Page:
U.S. patent application Ser. No. 11/034,131 (Publ. No. 20050123194 A1) for “METHOD OF EMBEDDING COLOR INFORMATION IN PRINTED DOCUMENTS USING WATERMARKING,” by Z. Fan et al., filed Jan. 12, 2005, a divisional of U.S. patent application Ser. No. 10/082,535, filed Feb. 21, 2002.

Disclosed is a system and method for determining preferred image locations for placing watermark information for both hidden and obvious marks, and more particularly the use of at least one of three criteria (image similarity, contrast, and image value range) to determine the best area of hiding or showing the watermark, depending upon the user's intent for the mark.

BACKGROUND AND SUMMARY

It is known to use digital watermarks, and to obtain such marks by embedding a digital string into an image. The digital watermarks can be created either in a spatial domain or in a transform domain. In transform domain digital watermarking, the digital string is embedded using a transformation space, such as Fourier transform or the like, to obtain a spread spectrum characteristic of noise insensitivity. Correspondingly, the digital watermark is not an image and can not be simply reconstructed or verified optically, though the actually encoded digital watermark data can be arbitrary, thus also an image in some other transform domain. An example of spatial domain digital watermarking is found in U.S. Pat. No. 6,252,971 to S. Wang, for “DIGITAL WATERMARKING USING PHASE-SHIFTED STOCLUSTIC SCREENS,” issued Jun. 26, 2001, where the watermark can be reconstructed as image directly in the space domain.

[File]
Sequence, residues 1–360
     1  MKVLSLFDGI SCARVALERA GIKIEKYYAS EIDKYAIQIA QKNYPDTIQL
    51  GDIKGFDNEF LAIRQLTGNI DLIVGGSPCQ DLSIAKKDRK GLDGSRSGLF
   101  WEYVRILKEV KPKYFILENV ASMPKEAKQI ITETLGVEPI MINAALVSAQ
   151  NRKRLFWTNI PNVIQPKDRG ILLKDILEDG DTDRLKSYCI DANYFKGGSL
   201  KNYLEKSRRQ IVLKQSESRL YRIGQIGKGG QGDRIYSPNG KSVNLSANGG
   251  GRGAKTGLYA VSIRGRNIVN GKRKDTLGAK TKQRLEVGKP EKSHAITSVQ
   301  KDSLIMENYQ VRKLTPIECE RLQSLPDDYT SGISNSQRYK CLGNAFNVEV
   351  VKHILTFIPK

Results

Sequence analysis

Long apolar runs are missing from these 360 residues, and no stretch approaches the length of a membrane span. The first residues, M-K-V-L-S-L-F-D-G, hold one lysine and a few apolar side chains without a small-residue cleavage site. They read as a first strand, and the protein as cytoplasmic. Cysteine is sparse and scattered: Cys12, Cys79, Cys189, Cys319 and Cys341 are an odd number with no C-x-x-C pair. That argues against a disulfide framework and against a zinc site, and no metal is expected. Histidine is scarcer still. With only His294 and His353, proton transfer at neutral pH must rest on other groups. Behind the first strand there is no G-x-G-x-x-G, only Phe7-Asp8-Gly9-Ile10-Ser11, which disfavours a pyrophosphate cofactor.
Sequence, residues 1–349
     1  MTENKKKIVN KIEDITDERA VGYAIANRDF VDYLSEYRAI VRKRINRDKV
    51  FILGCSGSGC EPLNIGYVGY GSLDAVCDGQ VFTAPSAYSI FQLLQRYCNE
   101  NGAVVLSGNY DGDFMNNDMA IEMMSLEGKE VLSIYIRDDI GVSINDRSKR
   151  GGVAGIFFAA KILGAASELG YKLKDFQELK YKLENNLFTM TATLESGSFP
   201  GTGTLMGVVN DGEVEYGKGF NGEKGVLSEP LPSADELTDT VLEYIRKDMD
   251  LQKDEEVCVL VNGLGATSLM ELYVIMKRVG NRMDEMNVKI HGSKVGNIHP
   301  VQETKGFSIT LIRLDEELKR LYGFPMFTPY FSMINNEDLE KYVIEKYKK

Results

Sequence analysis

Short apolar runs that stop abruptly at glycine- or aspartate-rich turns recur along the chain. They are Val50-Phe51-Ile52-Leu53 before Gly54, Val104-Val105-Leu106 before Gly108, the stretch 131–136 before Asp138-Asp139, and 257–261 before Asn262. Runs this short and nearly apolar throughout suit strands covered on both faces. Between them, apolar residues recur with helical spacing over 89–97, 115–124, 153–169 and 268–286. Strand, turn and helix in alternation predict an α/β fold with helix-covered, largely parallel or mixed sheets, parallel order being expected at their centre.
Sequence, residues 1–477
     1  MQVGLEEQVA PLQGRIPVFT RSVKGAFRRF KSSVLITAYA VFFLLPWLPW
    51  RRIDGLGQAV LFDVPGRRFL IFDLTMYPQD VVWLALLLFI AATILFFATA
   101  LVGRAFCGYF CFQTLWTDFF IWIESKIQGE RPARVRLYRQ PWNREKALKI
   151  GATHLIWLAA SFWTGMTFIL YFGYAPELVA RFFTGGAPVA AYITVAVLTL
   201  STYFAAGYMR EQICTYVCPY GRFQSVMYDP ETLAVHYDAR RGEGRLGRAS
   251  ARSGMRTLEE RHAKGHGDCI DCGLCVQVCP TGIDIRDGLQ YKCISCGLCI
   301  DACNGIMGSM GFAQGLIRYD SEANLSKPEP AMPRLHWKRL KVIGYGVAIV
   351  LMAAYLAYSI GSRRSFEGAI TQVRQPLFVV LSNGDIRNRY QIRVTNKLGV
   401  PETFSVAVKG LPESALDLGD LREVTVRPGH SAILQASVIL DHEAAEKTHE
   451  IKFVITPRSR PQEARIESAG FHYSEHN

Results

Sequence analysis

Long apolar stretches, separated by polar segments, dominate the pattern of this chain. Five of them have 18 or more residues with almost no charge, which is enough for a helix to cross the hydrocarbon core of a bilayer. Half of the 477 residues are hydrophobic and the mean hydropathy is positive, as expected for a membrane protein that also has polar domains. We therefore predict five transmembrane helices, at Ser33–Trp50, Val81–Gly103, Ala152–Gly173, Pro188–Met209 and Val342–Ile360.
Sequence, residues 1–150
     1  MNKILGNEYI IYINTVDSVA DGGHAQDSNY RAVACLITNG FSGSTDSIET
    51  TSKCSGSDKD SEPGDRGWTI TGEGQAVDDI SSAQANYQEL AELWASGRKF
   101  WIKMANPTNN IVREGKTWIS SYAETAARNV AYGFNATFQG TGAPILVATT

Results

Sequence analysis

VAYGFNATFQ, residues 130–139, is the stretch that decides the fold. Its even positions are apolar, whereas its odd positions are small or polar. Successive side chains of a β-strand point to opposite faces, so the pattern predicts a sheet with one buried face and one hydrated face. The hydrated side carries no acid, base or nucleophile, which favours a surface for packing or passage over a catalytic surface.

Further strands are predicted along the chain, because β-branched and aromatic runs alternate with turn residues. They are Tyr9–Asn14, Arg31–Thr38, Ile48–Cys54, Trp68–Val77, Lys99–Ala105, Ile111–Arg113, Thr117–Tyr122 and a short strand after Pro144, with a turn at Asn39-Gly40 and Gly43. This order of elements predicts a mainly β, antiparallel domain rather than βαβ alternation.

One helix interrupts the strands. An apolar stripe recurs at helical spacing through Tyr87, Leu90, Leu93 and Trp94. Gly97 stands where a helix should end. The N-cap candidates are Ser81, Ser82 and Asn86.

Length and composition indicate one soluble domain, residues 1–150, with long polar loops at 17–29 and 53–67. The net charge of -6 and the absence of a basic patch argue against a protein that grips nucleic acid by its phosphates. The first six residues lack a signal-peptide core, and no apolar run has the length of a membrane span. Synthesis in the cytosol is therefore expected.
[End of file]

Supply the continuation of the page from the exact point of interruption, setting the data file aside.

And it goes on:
Classical watermarks are image-wise watermarks, meaning that they can be viewed by a user, normally to verify authenticity, but often only to establish a perception of value or beauty. Image-wise digital watermarks exist in the form of glossmarks, correlation marks and embedded image watermarks as described, for example in U.S. patent application Ser. No. 11/034,131 (above), as well as U.S. patent application Ser. No. 10/876,001 (U.S. Publ. 20050128524 A1), for “ENHANCEMENT OF GLOSSMARK IMAGES AT LOW AND HIGH DENSITIES,” by Liu et al., filed Jun. 24, 2004, also incorporated herein by reference in its entirety.

The advantage of such watermarks is that they more closely resemble classical watermarks, albeit with the added capability of variable content. This variable content, however, also directly interacts with the background image and a truly automated use of variable watermarks requires the correct positioning (or identification of the watermark location) based on the watermark content and the image content. In other words, when an image-wise watermark is to be employed, and it is desirable to either make the mark visible or to hide the mark, the “best” or preferred position at which such a mark should be reproduced in the image is strongly dependent upon the nature of the mark as well as the image—where simply repositioning the mark within an image may significantly alter the detectability (desired/undesired) of a mark.